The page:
Sandbag: Definition and Examples in Business and Finance

What Is Sandbagging?

Sandbagging is a strategy of lowering the expectations of a company or an individual's strengths and core competencies in order to produce relatively greater-than-anticipated results.

In a business context, sandbagging is most often seen when a company's top brass shrewdly tempers the expectations of its shareholders by producing guidance that is well below what they know will be realistically achievable. In other words, management personnel lowball projected earnings and other performance indicators.

Consequently, when the company achieves better-than-expected results, investors are significantly more impressed and more grateful than they would have been if the company had merely met the less-than-stellar expectations.

Key Takeaways

  • The word “sandbag” describes a strategy of lowballing the expectations of a company or an individual’s strengths and core competencies so that even modestly positive gains take on greater weight.
  • In investing, sandbagging is most often seen when a company's management issues earnings guidance well below what they can realistically achieve.
  • Sandbagging also applies to sports and recreational activities, like when a pool shark deliberately shoots a game poorly to entice competition.
  • Sandbagging is generally considered to be a devious form of practicing business.
  • When sandbagging is overly employed by a business, it reduces the impact on analysts, investors, and the company's share price.

Understanding Sandbagging

Sandbagging has become commonplace in the world of forward guidance when it comes to the declaration of expected revenues and earnings. As a result, the response of investors is often more muted than it once was, because investors are becoming wise to this practice and are thus less knee-jerk reactionary to these announcements. Analyst valuations can take into consideration the practice of sandbagging if it has occurred often.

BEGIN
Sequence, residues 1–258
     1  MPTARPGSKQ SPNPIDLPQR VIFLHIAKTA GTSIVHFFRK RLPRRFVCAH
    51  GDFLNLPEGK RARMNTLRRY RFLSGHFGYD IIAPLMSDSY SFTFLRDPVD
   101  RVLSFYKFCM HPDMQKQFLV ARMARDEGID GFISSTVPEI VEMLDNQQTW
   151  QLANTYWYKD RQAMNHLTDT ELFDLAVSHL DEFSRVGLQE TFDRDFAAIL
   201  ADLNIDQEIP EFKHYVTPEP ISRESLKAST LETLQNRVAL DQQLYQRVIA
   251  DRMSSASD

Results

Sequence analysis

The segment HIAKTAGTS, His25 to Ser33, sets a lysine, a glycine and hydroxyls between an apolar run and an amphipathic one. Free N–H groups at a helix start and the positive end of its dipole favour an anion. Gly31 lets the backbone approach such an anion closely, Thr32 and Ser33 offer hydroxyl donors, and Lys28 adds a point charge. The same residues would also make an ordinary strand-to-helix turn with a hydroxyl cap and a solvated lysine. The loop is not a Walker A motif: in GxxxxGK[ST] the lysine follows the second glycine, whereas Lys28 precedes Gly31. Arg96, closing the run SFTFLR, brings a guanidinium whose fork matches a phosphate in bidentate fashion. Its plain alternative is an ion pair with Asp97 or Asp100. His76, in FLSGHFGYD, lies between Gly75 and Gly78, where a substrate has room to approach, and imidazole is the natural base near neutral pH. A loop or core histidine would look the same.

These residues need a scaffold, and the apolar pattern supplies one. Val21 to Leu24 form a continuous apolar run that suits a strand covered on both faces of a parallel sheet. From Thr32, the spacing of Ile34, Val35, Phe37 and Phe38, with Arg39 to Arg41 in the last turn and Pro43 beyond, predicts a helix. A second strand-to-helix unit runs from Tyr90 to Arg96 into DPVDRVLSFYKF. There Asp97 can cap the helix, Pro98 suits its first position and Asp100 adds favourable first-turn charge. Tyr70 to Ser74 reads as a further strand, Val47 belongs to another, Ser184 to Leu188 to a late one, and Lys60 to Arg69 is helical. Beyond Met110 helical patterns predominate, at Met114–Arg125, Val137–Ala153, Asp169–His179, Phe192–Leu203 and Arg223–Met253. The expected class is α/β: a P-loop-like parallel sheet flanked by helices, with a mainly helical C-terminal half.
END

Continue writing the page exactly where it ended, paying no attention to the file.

In some cases, sandbagging backfires because investors call the bluff of those doing the sandbagging and, consequently, anticipate the outperformance that the sandbaggers were attempting to cloak. Because of this, sometimes a stock price falls because earnings failed to exceed expectations by the amounts investors had expected.

Other Common Contexts of Sandbagging

The phenomenon of sandbagging isn't merely restricted to earnings guidance reports delivered by publicly traded companies. It is also used in recreational activities where betting is frequently involved. For example, a pool shark may deliberately shoot a game poorly when they encounter a new player who is unaware of their actual skills. This might entice the new player to accept bigger betting stakes, which turns out to be a bad move when the pool shark reveals their actual prowess.

Sandbagging can also be used by a poker player who initially plays losing hands to trick the other players into believing that their game isn't finessed enough to pose a legitimate competitive threat. In racing, sandbagging refers to deliberately qualifying slower than the speed a car can actually perform so that the driver falsely earns a placement advantage in the lineup.

Sandbagging can be executed in any circumstance wherein the individual purposely makes themself appear less skillful than they otherwise are in order to gain an advantage in the future. It is not illegal but is seen as a dishonest way to conduct oneself.

Example of Sandbagging

Imagine that Orange Inc. has gained a reputation for being a straight shooter—and not for being a sandbagger—in its practice of providing guidance on quarterly results. During the last quarter, the company declared that it was likely to post modest growth in sales and earnings.

Analysts and pundits alike are confident that the upcoming quarterly numbers will be uneventful. But when results are released, they are higher than the consensus estimate, resulting in analyst upgrades and positive press coverage.

Sandbagging can be viewed as a sign of disrespect in certain circles, and so those who attempt it should be aware of the potentially confrontational ramifications of their actions.

Now imagine the aforementioned scenario, but with a company that has gained a reputation for sandbagging. In this case, the stock price would likely be largely unaffected by the better-than-expected quarterly results. The continuous sandbagging has been taken into analyst valuations. The takeaway from these two examples is that sandbagging has a limited effect when it is overly employed because investors are quick to catch on to this practice.

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